Transfer of the method to other species
In order to explore further the possibilities of the algorithm, RHs of two different species were measured. As for Medicago, the monocotyledon Brachypodium presents a dense population of root hairs, with a light opaque root corpus (Additional file 2: Fig. S5a). Hence the algorithm required only slight modifications to be adapted to the pictures analysed, mainly by adjusting radius or iteration parameters from the steps 3.1, 3.2, 4.1, 4.2, 8.4 and 10 described in Table 1 (Additional file 3: Script 3, see details of adjustable settings in “Materials and methods” section). The sigmoidal fit applied at the region 0 to 6000 µm from the root tip described well the data obtained with RHS (Additional file 2: Fig. S5a). Alternatively, Arabidopsis roots have a very different profile. The hairs are shorter and less dense and the root corpus is more transparent, leading hence to a different grey level dynamic (Additional file 2: Fig. S5b). Consequently, steps 3 to 5, consisting of the thresholding steps, needed to be modified (Additional file 4: Script 4, see details of adjustable settings in “Materials and methods” section). Additionally, the interval of consecutive measurements used to select Lmax was set at 30 instead of 10 in order to adapt the algorithm to the low RH density of such a root. The measured RHs length profile correlates with the image of RHs profile, however the RH length can be locally slightly underestimated when the RH is not growing orthogonally from the root (Additional file 2: Fig. S5b).
Relevance of the measured parameters
In previous works, the procedure to select the RHs consisted in defining a fixed distance from the root tip or from the first RH [6,7,8,9]. Such methods can be inaccurate when comparing roots strongly impacted by a treatment, in which RHs length reaches a plateau at widely different distances from the root tip (as in Fig. 3b). Here we propose a method based on the sigmoidal fit of RH length data along the root axis. For sake of simplicity and robustness we adopted a symmetrical sigmoid to describe the growth profile of RHs. A sigmoidal model gave accurate fits when used with our collection of data generated by our image processing routine Root Hair Sizer (RHS). By applying two consecutive, nested sigmoidal fits in a semi-automatic fashion we were able to obtain four relevant RH parameters: (1) length of mature RHs, (2) distance of emerging RHs from the root tip, (3) length of the RH growth region, and (4) estimated RH growth rate (Fig. 3).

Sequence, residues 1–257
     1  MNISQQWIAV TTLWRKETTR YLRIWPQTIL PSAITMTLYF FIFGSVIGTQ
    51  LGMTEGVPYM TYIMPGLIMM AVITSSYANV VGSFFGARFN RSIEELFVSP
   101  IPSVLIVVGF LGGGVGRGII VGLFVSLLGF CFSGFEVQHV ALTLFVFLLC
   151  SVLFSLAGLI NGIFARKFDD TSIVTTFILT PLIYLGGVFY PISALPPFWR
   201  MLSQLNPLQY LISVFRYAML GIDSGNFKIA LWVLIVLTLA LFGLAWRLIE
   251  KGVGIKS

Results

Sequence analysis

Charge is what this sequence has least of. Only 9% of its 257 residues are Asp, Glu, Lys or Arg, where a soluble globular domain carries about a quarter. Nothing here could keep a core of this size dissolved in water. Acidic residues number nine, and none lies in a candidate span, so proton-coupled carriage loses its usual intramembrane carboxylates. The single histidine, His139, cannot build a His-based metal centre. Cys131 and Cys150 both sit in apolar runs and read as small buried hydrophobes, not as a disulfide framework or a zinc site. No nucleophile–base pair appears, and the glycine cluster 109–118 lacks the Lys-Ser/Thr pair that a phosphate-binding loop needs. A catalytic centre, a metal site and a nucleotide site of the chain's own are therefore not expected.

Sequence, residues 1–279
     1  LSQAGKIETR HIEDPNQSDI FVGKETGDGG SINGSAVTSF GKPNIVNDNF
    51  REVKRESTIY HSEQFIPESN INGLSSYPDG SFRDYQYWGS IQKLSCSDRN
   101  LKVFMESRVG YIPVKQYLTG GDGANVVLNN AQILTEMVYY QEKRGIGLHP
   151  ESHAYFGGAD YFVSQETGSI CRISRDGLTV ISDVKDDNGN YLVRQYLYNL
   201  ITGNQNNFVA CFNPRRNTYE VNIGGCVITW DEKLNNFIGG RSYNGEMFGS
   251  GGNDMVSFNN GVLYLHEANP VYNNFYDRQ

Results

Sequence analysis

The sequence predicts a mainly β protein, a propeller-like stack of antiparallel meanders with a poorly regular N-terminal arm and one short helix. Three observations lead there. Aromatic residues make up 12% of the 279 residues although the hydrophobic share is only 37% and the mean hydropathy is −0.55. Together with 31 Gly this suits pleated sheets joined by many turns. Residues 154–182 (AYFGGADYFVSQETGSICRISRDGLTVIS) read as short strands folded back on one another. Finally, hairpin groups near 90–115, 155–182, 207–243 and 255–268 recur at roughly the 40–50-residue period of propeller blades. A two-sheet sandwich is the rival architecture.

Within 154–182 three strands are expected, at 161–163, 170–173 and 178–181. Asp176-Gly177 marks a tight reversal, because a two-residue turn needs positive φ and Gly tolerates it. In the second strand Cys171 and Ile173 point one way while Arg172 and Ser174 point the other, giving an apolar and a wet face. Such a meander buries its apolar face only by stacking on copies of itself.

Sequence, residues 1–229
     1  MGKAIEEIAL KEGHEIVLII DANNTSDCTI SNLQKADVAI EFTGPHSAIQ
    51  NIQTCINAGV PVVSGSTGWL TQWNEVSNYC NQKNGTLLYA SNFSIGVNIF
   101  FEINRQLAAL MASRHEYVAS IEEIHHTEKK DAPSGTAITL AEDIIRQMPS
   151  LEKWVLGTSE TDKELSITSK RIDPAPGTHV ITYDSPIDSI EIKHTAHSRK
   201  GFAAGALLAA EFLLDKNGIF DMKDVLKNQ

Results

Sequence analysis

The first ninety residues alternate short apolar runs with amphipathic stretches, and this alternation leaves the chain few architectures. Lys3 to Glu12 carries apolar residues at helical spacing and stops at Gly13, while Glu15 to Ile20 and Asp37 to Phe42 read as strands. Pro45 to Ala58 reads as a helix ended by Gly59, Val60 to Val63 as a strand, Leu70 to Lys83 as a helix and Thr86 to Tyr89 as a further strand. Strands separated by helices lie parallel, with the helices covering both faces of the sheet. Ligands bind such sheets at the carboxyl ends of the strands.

We accurately measure maximal RH lengths Lmax and detect experimentally induced changes in length. Hence, this method allows standardizing RH maximal length measured in different physiological conditions, with the robustness deriving from the fit of > 100 data points per root.
In addition, the distance from the root tip to the d50 − 2δ point allows a definition of the end of the root elongation zone, corresponding approximately to the first emerging RHs [21, 22]. Therefore, the region between the root tip and the d50 − 2δ point is a convenient and accurate estimate of the cumulated length of the cell division and elongation zones, and changes in its length reflect changes in one or both of these processes. Similarly, the region defined by the d50 − 2δ to d50+ 2δ zone reflects the length of the RH growth region.